Fr. Gerry Olinger outlines how he hopes to advance the goals of Notre Dame and the Church

“Find time to reflect, find time to pray.” Fr. Gerry Olinger C.S.C., the newly appointed Vice President for Student Affairs, told the Rover, “This is the main message that I’d like our students to hear.” During the interview, Fr. Olinger spoke directly regarding what he sees as the greatest issues facing the University of Notre Dame and how he hopes to use his new role to help the student body deal with them.

Appointed to this role last May, Fr. Olinger replaced former Vice President, Erin Hoffman-Harding. Olinger completed his undergraduate studies, law school, and theological studies at the university. Since being ordained a priest of the Congregation of the Holy Cross in April, 2010, Fr. Olinger has been assigned at the University of Portland, including for a time as their Vice President for Student Affairs, and he has served for the past three years as Notre Dame’s Vice President for Mission. In his interview, Fr. Olinger expressed gratitude that he is now able to work more directly with the students of his alma mater: “This place has been so important in my own personal formation, and I now get to help to contribute to the formation of others.”

Fr. Olinger told the Rover that he feels that his position as both a priest in residence in Alumni Hall and an administrator gives him a unique opportunity to help students: “I think that it’s really important as a priest to be able to celebrate the sacraments—to be a pastoral presence is really a big part of my own personal vocation. But as Vice President for Student Affairs, [living in a residence hall] is a really important grounding in the lives of our students.

“I think it also gives you a sense of what students are thinking about, what they’re worrying about. Living in residence is also very helpful in my preaching, because often you read the scriptures through the lens of experiences that you know are happening in the lives of students, conversations that we’re having, and you end up preaching through those scriptures into the life of our students. And I would say a similar process happens as an administrator. I’m thinking about various issues impacting student life [while being] grounded in the experiences of our students, and that helps me to make decisions.”

Olinger listed three areas towards which he plans to focus his efforts during the coming months, one of which is the crises of faith among young adults. He cited a recent Gallup Poll in which a majority of 18-22 year olds consider themselves “religiously disaffiliated.” He continued, “I think that Notre Dame has a unique role to play when thinking about this, when thinking about how we help to introduce conversations about faith and spirituality to our students, how we encourage our students to be able to engage in this type of discernment and these questions.”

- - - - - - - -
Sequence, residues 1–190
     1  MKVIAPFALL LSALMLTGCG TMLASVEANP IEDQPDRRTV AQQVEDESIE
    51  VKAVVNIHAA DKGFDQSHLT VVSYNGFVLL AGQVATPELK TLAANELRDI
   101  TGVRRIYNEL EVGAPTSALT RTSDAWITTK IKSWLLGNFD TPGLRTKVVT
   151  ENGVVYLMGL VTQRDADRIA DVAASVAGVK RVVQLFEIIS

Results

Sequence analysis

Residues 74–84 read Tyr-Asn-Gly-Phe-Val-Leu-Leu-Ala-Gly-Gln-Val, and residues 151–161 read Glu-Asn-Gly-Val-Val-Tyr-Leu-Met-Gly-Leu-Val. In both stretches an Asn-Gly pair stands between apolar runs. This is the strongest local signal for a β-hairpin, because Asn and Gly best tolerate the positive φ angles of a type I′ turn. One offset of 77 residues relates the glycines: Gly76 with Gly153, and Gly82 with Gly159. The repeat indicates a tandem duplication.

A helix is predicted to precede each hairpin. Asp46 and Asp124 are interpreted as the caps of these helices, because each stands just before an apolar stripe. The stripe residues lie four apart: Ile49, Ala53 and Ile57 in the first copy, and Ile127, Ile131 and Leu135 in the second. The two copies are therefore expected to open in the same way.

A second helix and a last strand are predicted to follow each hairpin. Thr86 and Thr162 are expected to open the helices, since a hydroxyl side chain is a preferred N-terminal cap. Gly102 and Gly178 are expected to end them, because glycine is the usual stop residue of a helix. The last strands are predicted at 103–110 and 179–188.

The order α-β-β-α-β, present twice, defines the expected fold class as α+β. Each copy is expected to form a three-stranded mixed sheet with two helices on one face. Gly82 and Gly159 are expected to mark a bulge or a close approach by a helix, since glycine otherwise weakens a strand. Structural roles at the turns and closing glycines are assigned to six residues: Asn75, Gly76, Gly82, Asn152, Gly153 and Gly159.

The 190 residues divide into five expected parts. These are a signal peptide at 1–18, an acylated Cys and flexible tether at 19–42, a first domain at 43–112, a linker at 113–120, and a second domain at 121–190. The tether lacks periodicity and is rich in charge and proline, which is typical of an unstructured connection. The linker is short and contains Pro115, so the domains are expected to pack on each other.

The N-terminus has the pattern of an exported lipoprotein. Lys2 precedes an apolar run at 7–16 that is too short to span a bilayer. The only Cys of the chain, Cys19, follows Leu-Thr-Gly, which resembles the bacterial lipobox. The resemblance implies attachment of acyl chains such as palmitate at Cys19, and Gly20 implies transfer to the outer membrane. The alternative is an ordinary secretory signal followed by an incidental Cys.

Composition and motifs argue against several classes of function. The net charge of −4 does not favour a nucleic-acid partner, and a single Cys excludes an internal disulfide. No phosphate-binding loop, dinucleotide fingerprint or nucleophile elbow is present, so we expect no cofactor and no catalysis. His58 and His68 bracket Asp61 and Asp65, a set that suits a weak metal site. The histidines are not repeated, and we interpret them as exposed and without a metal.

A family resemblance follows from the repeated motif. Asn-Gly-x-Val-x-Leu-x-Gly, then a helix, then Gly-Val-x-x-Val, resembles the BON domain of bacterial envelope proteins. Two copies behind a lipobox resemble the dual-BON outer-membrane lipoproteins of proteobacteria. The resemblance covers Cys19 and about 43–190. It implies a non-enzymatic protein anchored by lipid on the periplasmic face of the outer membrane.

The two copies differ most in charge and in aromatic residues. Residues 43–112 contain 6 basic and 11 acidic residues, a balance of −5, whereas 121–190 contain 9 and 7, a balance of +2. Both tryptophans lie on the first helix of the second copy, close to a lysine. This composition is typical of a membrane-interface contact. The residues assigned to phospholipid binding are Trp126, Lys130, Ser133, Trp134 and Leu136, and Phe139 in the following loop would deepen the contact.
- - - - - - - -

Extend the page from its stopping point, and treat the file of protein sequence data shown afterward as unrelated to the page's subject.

Fr. Olinger also intends to focus on the continued effects of the pandemic. He especially emphasized its detrimental effect on students’ mental well-being, especially with increased levels of depression and anxiety. He stated, “I think that our students need to find time to be able to reflect, and I hope that the pandemic has begun to provide some of that invitation. I love our students, and I love how academically passionate and curious they are. But sometimes I worry that they are so busy that they don’t have time to reflect, to meditate, to pray, in order to understand their deepest identity as a beloved child of God, or to understand with what gifts they have been blessed by God, and how they’re called to use those gifts.”

Thirdly,  Fr. Olinger spoke about the issue of racial injustice. He told the Rover, “I know that there has been the continued reality of racial injustice. Think about the awful incidents of the summer of 2020. I think that that’s a really important conversation for us. How do we think about issues of diversity, equity, and inclusion at the university? How do we work to make our campus more inclusive for all of our students? And how do we ground that work in who we are as a Catholic and as a Holy Cross institution?”

He concluded the interview, stating,

“Fr. Moreau, who founded the Congregation of Holy Cross, talked about education as a work of resurrection. He was founding the congregation during the aftermath of the French Revolution, obviously a time of violence, a time that really tore apart society and created a collapse of both the education system and the sacramental life in France. And he saw education as a way to bring about resurrection in the life of the individual who was being educated, but also for society. I think about that work of resurrection for us. Through our education, we have to die to old ways of thinking when learning new things. Our education itself is transformative. But I believe that it can also be transformative for our society—that it can be a work of resurrection.

I think about the role of faith in our world, at a time when it’s not as important in some people’s lives. How can we at least begin to speak to that and offer that to people in a way that’s invitational, in a way that really can engage people. There are a lot of challenges, but I’m excited about those challenges.”

W. Joseph DeReuil is a sophomore studying in the Program of Liberal Studies, Classics, and Constitutional Studies. Any comments, questions, or (most importantly) reading suggestions can be directed to

Image Credit: University of Notre Dame Division of Student Affairs